NDN's Green Project was in New York on Wednesday, with a very successful panel on investing in clean technology. Green Project Director Michael Moynihan told listeners that, "With oil at $115 a barrel and climate change unsolved, clean technology may be most important components of the 21st Century economy." Peter C. Fusaro, Chairman and Founder of Global Change Associates, best selling author of What Went Wrong at Enron, and perhaps the world’s leading expert on clean technology funds, offered that "the government has to create a stable policy environment for industry." Finally, well known analyst, David Kurzman, Senior Vice President of the Clean Technology Research Group at Panel Intelligence, LLC, said that the key to successfully investing in clean technology is to "follow the smart money."

Take a look at the excellent and informative video (complete with PowerPoints) from the event:

For more information on the Green Project, check out Michael's blogging on these important issues.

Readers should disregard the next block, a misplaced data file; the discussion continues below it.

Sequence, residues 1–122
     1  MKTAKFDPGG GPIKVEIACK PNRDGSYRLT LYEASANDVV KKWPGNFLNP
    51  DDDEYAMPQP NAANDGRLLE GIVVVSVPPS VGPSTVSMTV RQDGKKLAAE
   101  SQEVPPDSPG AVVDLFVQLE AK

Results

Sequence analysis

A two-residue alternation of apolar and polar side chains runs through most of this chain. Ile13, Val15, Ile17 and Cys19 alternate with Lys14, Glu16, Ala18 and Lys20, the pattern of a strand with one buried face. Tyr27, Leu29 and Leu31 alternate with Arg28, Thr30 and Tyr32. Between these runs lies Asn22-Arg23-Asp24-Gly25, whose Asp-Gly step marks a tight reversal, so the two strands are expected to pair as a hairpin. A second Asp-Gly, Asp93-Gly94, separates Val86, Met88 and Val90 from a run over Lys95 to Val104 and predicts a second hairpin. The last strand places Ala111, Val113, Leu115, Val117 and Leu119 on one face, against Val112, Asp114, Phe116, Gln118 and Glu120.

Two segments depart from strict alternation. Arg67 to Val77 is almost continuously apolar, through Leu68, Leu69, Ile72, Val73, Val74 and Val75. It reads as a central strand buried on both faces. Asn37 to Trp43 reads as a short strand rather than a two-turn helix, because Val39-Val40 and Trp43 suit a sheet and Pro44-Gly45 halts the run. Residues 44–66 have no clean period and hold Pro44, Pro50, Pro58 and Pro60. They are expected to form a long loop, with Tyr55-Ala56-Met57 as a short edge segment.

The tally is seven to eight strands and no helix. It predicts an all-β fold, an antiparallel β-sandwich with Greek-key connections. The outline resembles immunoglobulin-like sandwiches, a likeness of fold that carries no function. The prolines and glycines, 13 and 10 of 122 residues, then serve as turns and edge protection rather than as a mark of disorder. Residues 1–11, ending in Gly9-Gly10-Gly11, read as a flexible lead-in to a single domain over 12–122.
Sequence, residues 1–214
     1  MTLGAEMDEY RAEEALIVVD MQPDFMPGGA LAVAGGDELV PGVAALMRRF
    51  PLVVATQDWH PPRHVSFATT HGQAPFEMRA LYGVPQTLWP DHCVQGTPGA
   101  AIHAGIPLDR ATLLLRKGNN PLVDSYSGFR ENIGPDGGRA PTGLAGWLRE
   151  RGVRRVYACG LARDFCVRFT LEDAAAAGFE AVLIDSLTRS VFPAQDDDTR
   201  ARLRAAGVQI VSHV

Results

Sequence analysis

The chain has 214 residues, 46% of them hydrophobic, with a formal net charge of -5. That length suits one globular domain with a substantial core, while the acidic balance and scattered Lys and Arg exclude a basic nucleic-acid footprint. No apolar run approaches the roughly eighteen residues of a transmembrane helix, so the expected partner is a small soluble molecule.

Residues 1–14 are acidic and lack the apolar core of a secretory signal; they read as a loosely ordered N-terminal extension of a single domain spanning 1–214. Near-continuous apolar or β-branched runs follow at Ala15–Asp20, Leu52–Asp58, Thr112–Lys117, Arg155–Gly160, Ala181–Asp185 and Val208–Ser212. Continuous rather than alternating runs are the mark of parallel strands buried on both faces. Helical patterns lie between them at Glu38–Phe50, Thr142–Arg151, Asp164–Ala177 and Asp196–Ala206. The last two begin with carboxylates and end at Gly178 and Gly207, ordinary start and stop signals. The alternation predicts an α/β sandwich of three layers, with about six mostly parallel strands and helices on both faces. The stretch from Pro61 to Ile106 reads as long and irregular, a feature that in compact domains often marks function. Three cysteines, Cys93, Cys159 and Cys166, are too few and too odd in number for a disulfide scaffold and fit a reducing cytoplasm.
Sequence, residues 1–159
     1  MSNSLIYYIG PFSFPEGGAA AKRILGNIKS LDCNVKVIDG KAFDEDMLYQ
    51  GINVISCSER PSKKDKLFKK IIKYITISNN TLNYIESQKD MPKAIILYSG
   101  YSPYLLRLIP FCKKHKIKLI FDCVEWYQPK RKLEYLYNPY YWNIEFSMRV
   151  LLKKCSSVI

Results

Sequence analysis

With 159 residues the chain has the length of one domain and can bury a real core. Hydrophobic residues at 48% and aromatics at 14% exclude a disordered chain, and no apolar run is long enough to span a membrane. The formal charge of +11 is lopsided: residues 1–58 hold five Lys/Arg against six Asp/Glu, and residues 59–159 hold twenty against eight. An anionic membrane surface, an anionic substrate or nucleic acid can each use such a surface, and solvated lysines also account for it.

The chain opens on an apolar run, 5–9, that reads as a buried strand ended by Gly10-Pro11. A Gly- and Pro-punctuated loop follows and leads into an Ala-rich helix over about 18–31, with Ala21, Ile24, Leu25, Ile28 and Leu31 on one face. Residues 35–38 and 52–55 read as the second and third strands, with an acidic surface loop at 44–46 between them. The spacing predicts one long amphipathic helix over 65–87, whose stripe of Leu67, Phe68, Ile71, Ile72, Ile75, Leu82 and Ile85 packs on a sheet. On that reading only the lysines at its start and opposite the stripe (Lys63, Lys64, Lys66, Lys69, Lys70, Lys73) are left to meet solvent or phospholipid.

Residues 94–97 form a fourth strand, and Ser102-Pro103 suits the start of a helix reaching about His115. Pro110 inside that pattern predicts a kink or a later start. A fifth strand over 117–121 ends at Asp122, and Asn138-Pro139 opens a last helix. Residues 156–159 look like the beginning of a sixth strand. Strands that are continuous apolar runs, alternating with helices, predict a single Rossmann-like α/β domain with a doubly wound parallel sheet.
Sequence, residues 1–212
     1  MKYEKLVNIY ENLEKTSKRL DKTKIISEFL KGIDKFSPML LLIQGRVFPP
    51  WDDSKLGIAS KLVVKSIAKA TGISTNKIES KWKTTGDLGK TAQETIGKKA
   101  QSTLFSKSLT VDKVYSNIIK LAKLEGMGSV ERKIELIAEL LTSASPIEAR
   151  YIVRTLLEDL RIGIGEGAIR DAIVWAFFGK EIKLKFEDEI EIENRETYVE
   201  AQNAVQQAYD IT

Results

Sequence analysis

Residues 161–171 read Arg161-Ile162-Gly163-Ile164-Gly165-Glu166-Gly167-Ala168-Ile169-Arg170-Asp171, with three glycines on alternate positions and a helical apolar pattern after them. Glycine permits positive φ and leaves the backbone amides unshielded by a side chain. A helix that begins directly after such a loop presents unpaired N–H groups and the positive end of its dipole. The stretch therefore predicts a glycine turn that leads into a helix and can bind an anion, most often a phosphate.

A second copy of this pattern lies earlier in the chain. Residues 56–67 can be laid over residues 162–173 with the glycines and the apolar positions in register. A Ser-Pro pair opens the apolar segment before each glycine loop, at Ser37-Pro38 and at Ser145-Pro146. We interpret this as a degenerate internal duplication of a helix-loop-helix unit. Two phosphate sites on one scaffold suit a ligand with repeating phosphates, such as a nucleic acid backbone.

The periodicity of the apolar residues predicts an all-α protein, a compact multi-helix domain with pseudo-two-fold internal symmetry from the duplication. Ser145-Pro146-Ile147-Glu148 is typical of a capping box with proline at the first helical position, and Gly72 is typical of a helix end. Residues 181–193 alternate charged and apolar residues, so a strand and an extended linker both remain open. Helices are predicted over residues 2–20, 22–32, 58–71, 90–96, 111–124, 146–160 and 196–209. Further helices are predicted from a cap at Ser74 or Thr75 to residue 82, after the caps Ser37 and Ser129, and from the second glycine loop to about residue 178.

A Little, Late

Why didn’t President Bush wait until next Tuesday, Earth Day to give yesterday’s speech on global warming? The stated reason is that the speech was timed to precede the Major Economies Meeting that begins in Paris today in preparation for the upcoming G-8 meeting in July. The real reason, however, may be that the President’s advisers did not want to get a huge round of negative publicity on Earth Day itself. For that is precisely the reaction the speech received. Typical are the comments in Paris of South Africa’s environmental minister, Marthinus van Schalkwyk who described the speech as a step backward, not forward, from the US position at Bali. While the President—under pressure from large US companies as well as the other G-8 leaders—deserves credit for addressing the issue, his proposals fall far short of those of Senators McCain, Obama and Clinton, many states, cities and universities and much of the business community itself.